We all know what flow state is. I don’t think there’s a person on the planet who hasn’t experienced it. Those moments when you’re doing something and become completely focussed on it. To the point where you lose track of time, and even forget about your sense of self.
It’s the feeling of oneness with the task at hand. You might have experienced it doing your favourite hobby, in the workplace, or during a late night conversation with a favourite person. It is the feeling of immersion in the moment. With no awareness of the past or future.
I love the idea of flow for many reasons. In particular:
1. It speaks to our experience.
We’ve all been there. It’s not something that is exclusive to a select few lucky people. We recognise it when we hear it described.
2. It is subversive.
It goes against the grain of the prevalent message that we should be busy and constantly doing stuff. Flow is the antithesis of multitasking, yet it’s also far more productive and effective.
Enjoyment, Pleasure, and Flow
Flow breeds enjoyment rather than pleasure, which as I’ve written before, Csíkszentmihályi describes as the key to happiness.
Pleasure is the good feeling we get when we fulfil an “expectation set by biological programs or by social conditioning.” These are homeostatic experiences that keep us on an even keel with our appetite. Linked to things like food, sex, wealth gain etc. These drives, when left to their own devices, can be the root of addiction (the endless pursuit of more).
Enjoyment is linked to a sense of movement. It is about progressing with purpose, accomplishing something, longterm momentum towards some kind of goal. These are activities that require full absorption, skill, feedback and use of your signature strengths. You do them because they carry a deeper sense of worth/value to your life. Not because they provide you with an instant pleasure hit. In fact, often these kinds of activities require you to stretch yourself and experience elements of discomfort.
Flow Happens Anywhere and Everywhere
You can experience flow in any activity. From driving a car, going for a walk, to cleaning your teeth. And there are some great areas to which we can look, if we want to create building blocks to more flow experiences in our lives.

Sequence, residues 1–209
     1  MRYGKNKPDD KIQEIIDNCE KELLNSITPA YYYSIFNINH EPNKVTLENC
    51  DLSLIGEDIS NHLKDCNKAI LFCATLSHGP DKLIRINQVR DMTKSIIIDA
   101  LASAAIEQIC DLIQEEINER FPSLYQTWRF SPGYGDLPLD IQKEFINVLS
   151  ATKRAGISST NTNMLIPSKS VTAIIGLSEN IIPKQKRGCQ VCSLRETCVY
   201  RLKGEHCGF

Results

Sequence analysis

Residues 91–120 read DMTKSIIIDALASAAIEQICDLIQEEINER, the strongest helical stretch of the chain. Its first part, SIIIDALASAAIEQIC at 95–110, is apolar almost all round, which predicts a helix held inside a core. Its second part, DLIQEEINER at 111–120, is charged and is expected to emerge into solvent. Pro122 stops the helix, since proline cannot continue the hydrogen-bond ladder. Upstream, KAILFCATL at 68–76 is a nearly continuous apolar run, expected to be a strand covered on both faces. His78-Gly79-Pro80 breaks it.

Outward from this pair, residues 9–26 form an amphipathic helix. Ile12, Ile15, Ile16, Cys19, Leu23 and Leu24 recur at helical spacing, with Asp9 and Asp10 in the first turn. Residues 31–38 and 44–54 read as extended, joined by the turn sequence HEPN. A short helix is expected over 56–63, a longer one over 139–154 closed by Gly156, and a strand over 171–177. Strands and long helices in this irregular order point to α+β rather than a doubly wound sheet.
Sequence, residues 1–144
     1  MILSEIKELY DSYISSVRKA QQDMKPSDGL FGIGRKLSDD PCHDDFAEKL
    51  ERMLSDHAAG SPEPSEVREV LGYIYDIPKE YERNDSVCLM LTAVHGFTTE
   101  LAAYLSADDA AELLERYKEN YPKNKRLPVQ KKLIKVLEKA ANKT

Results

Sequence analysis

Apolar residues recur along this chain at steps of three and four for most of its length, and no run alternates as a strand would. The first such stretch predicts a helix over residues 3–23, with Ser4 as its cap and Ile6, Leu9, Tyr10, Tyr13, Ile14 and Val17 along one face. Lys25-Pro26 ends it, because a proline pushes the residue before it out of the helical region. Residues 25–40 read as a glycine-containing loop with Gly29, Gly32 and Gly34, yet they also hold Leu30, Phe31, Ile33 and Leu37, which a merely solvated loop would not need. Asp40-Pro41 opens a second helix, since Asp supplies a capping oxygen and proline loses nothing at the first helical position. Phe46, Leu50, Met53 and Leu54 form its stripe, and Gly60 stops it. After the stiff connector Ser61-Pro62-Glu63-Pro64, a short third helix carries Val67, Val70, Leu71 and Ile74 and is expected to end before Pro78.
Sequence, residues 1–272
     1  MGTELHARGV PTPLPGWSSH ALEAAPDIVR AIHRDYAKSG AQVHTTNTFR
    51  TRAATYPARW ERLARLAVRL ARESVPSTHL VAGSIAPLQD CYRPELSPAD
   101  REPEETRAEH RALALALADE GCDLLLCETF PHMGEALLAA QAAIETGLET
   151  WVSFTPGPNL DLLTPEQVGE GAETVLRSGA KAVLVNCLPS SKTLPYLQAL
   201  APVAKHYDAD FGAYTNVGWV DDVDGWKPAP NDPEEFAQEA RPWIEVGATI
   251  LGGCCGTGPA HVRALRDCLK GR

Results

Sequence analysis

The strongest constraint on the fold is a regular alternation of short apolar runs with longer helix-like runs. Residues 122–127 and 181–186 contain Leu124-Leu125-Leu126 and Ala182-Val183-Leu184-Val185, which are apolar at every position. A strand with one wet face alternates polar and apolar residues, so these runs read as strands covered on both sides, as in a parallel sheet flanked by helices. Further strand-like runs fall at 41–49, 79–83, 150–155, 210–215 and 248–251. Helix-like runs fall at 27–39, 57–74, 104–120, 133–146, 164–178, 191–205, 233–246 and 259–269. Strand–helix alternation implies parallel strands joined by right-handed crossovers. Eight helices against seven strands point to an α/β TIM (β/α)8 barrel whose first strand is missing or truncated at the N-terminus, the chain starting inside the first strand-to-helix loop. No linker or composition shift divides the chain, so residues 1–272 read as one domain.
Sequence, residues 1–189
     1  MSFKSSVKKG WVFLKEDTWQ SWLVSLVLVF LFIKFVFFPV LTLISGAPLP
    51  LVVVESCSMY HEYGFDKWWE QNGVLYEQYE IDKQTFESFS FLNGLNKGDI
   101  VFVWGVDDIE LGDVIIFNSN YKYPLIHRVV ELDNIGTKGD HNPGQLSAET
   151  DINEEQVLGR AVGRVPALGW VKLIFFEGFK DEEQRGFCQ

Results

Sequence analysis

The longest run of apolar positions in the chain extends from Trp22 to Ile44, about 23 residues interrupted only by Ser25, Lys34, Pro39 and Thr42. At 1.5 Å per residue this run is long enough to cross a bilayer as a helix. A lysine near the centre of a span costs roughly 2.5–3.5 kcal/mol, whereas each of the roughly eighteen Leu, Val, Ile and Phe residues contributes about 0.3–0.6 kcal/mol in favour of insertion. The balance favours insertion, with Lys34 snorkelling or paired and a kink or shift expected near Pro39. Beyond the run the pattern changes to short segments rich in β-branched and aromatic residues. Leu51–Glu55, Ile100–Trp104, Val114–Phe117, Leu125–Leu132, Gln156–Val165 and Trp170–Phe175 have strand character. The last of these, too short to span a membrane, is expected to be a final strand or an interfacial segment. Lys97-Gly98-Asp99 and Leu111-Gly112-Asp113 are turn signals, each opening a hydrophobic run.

I unpack these in this week’s episode:
- Video Games
- Exercise and Sport
- Exams and Other Challenges
Entering flow is pretty simple, but it’s far from easy. There are so many things that get in the way. I look at these in more detail in the Extended Play Private Podcast. Where we think about how to transcend and even use these struggles as ways into flow state.
Towards the end of the main show I explore some simple techniques we can use to enter flow state. These are little prompts to help us re-focus and peel away the things that want to cloud and overcomplicate things.
- Get Clear
- Start Small
- Turn Off Distractions
- Get Comfy
- Still Your Spirit
- Get the Time Right
- Set Boundaries
- Enjoy the After-Flow
The Pomodoro Technique
In the show I talk about how helpful I’ve found the Pomodoro Technique for getting focussed in small chunks. I’ve been using a USB LED timer to help with this, after Luxafor sent me their ‘Flag’. It communicates to others as well as yourself, whether or not you’re busy (with 16 million different colours, you can train your mind to react accordingly).
There is also a bluetooth version, which you can place on your door to stop outside distractions entering your workspace. Perfect for telling people ‘I’m recording a podcast, keep quiet’. Learn more here.
Over to You
Can you think of a time when you’ve experienced flow state? What were you doing? And what are the biggest barriers to flow for you? I’d love to know what this looks like for you. Please leave your response in the comments below.
Listen to The Gentle Rebel (Extended Play) Private Podcast:
If you like this topic and want to hear more of my (more personal) thoughts and reflections, you can subscribe to the bonus podcast right now, through Patreon